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Calls to get off the fence
Common view of those staying on the fence
Metaphors about fences dividing, blocking the view, containing, restricting
Why staying on the fence is harder
What staying on the fence is better
The good and bad about knocking fences down
Another metaphor about removing bits at time to get used to the view
Why I’m staying on the fence
Transparency “polices” us more?
Not naturally generous
Joy of giving simple things …. can it lead to bigger things?
Subtlety of difference between the joy of giving and the joy of being seen to be giving
Privacy of action
All in all ???
We were lucky enough to attend a splendid discussion group on the issue of Return on Expectation at a recent conference at the University of Middlesex earlier this month. The lead protagnostic was an ardent
We have a new marketing platform available to us that many have rushed into because some very clever Social Media experts have convinced us we should. So we have created accounts for everything and guess what have no idea why we have done it or more importantly how they work for us or against us. The experts are correct we do need to look at
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The British Psychological Society defines psychometric testing as:
“Any procedure on the basis of which inferences are made concerning a person’s capacity, propensity or liability to act, react, experience, or to structure or order thought or behaviour in particular ways.”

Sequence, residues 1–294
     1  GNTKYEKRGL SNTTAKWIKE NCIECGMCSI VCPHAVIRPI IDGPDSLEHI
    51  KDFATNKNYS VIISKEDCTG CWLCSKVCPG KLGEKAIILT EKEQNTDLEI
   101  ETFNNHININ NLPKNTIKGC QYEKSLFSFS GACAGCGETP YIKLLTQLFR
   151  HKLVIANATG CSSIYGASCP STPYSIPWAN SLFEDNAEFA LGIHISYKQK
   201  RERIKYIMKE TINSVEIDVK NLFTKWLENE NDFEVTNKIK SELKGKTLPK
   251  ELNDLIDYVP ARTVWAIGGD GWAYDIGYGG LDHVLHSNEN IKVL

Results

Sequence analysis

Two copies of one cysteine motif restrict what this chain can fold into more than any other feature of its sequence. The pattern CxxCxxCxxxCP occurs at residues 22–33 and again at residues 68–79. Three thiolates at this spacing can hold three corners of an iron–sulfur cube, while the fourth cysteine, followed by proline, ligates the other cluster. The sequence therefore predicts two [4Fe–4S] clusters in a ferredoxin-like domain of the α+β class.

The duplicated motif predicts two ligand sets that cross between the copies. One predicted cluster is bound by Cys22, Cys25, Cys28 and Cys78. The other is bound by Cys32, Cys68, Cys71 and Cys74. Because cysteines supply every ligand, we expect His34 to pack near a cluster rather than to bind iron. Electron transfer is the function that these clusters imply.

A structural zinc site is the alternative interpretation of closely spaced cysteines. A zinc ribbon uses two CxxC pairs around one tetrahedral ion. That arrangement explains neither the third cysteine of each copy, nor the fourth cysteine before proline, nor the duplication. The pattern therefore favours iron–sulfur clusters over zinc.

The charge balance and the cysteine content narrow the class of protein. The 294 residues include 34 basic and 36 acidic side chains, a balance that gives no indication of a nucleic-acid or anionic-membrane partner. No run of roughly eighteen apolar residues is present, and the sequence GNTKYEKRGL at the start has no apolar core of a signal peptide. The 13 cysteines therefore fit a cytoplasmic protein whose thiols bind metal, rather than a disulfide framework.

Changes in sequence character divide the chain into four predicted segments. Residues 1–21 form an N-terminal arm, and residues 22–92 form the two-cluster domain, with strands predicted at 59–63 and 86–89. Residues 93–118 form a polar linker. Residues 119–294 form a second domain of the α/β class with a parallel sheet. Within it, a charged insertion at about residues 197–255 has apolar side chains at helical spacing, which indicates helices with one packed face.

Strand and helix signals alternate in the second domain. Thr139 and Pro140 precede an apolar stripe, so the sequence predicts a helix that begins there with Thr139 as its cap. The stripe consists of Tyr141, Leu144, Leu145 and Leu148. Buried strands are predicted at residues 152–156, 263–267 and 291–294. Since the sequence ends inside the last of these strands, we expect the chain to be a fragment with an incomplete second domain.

In basic terms, psychometrics are simply a way of measuring psychological traits including personality, attitudes and beliefs and assessing an individual’s aptitude for performing different tasks.
Psychometric testing is often used in recruitment selection to help in assessing a candidate’s suitability for the role and they can also be very useful to aid in developing training and professional development action plans for existing staff.
Psychometric tests can be classified into several different categories. The three main categories are:
Aptitude tests are used to measure an individual’s performance and abilities. They are usually categorised into several further test types including:
Popular psychometric personality tests include the Myers Briggs personality profile and the Keirsey temperament sorter. Personality tests do not have right or wrong answers but allow people to be classified into different personality types such as extrovert versus introvert or leader versus follower.
Personality tests can be very helpful for employers trying to judge if an individual will fit in well with their organisation and for organising staff into teams depending on their work style and temperament.
Interests tests categorise individuals depending on their personal preferences. They can be helpful for identifying suitable careers and for planning career progression. They can also be used in conjunction with personality tests for determining individual fit within a team or organisation.
A brief history of psychometric testing
The field of psychometrics was founded in the 19th century from two main schools of thought.
Sir Francis Galton is often referred to as the father of psychometrics and was inspired by Charles Darwin’s “The Origin of Species”. He theorised that personality traits are passed on to different generations and discussed in his book “Hereditary Genius” how certain psychological characteristics may make some people more genetically “fit” than others. In his research he devised a number of psychological tests and his work was extended by James McKeen Cattell, forming the basis of modern psychometrics.
At the same time, German J.E. Herbart was investigating scientific methods of exploring human consciousness and developed mathematical models of the mind. E.H. Weber and G.T. Fechner built on his early work in experimental psychology and inspired Wilhelm Wundt to found the science of psychology and psychological testing of today.